A guide to writing professional emails

A guide to writing professional emails

The average worker sends and receives almost 100 emails per day, according to US research firm, The Radicati Group. 

It’s the most common tool for business communication, but also one of the biggest sources of workplace stress.

With so many emails to go through but so little time on their hands, many professionals find themselves responding to emails in a quick but clumsy manner.

Ruth Hill ofMindtools, a professional training site,suggests that the emails you send reflect your professionalism, principles, and attention to detail.

Emails that are scattered, disorganised and filled with mistakes can make you look less professional, as well as cause miscommunication, confusion and even tension in the workplace.

When it comes to business correspondence, writing polite, concise and effective emails can help you communicate better, get your emails read and elicit a response.

Practising email etiquette can help improve your professional writing. 
It’s important to be courteous through email, especially if you’re writing to clients, superiors or business partners. 

Begin with a greeting and briefly introduce yourself if you’re writing to someone new. 
Once you’ve composed your message, conclude your email with a signature that features your title and contact details.
Make sure the size of your company logo is optimised for the email signature section.

Peggy Duncan, personal productivity expert and author of ‘Conquer Email Overload with Better Habits’, told Inc. to avoid sending emails regarding lengthy negotiations, last-minute cancellations or devastating news. Those matters should be discussed over the phone instead.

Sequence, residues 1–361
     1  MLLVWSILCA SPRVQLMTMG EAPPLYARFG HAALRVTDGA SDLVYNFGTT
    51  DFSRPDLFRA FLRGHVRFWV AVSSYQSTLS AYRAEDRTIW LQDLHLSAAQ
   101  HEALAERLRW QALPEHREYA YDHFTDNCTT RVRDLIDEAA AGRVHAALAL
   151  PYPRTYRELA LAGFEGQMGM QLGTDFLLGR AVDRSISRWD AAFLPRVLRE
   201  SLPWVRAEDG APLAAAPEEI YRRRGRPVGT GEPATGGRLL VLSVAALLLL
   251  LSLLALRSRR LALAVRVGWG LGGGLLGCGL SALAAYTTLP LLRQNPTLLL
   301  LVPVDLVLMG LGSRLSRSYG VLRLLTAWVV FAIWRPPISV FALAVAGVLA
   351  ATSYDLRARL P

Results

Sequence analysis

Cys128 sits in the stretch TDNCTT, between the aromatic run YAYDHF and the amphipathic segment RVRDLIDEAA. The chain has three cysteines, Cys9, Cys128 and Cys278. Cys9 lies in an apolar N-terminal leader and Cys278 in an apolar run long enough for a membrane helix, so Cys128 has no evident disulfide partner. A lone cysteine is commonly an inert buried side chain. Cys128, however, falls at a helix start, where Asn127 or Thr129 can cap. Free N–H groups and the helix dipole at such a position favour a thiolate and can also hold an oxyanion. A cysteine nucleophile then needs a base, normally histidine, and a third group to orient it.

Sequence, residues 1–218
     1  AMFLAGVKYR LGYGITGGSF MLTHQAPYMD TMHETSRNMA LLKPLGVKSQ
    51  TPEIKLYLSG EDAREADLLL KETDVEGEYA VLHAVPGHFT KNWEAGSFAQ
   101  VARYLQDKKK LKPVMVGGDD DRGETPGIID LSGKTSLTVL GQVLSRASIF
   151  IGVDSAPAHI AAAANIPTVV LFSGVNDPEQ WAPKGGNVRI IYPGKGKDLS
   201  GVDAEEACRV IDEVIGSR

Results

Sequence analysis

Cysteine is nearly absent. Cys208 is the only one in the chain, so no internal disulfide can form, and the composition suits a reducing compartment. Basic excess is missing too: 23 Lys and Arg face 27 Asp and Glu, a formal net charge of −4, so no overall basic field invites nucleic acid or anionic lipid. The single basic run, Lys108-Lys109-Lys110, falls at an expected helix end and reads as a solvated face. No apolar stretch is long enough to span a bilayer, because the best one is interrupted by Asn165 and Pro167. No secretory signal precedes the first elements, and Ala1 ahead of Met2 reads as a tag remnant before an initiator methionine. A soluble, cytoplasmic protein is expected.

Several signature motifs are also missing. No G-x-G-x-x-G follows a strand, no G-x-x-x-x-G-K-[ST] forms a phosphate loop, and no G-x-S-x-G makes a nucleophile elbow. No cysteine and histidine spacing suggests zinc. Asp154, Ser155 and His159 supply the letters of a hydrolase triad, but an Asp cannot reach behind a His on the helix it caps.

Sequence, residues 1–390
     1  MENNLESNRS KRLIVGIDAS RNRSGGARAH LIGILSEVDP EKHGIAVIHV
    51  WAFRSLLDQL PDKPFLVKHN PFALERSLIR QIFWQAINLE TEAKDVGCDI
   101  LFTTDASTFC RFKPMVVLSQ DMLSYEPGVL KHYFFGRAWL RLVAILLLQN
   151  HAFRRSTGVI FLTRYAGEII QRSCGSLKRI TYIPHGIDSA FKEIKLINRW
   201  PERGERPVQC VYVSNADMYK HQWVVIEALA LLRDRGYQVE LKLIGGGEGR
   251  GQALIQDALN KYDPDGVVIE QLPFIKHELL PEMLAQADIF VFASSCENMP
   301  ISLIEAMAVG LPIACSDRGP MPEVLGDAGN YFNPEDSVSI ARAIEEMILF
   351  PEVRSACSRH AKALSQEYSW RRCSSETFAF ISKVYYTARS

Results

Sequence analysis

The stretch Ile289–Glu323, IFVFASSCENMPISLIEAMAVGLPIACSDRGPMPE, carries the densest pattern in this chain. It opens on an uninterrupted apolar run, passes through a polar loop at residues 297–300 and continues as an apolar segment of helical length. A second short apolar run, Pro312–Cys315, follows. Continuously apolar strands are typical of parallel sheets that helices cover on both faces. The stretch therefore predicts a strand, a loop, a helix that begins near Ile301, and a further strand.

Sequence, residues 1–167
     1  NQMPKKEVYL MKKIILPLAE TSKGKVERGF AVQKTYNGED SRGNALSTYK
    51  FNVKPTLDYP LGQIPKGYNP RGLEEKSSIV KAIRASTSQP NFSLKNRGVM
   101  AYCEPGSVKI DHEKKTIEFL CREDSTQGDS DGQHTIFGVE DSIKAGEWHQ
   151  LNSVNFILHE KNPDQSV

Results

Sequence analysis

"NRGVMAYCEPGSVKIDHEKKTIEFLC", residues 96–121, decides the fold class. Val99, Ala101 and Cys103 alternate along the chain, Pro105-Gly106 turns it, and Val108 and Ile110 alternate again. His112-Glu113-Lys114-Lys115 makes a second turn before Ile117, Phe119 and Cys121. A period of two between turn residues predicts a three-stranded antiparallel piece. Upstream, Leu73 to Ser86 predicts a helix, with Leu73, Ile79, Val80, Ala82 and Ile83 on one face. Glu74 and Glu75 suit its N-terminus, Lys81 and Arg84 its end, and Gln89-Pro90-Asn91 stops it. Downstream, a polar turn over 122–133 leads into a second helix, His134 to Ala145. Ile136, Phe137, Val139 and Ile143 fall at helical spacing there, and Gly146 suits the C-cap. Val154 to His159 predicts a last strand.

“If you have an employee or a friend you need to deliver bad news to, a phone call is preferable. If it's news you have to deliver to a large group, e-mail is more practical,” Peggy says.

You might be familiar with the old KISS writing mantra: Keep it short and simple. It’s still a great method to follow when writing emails. 


Keeping your sentences concise and highlighting important details or actionable items using dot-points can help your email recipient to clearly understand the purpose of your email.
It should also help ensure your questions and actions are answered in a reply email.

Writing an attention-grabbing subject line can also increase the likelihood of your email being opened and responded to.
A good subject line helps to summarise the content as well as help recipients decide whether they to read it or not.
A typical inbox shows only 60 characters of an email’s subject line, so try to be specific.
Using simple language to convey your message in six to eight words could help you get faster responses.
It’s much easier to misinterpret an email because you aren’t communicating in person.

Ruth Hill believes that your choice of words, sentence length, punctuation and capitalisation set the tone and influence how people receive your message.
Keep business emails formal and avoid using abbreviations, emoticons, jargon and slang. When you’ve finished your message, conclude with "Regards," "Yours sincerely," or "All the best," depending on who you’re writing to.

Proofreading emails is a must. Before you click “send”, be sure to check your email for spelling, grammar or punctuation mistakes. 
You don’t want to be caught with a typo, or worse, misspelling your recipient’s name or business. Reading your message aloud can also help you refine your language or restructure your thoughts.

Responding to emails in a timely fashion can help to improve the relationship with your recipient. 
Try to respond within 24 to 48 hours, unless the matter required immediate attention. 

If you need more time to address the issue, send a quick, polite message acknowledging the email and let them know you’ll be in touch.

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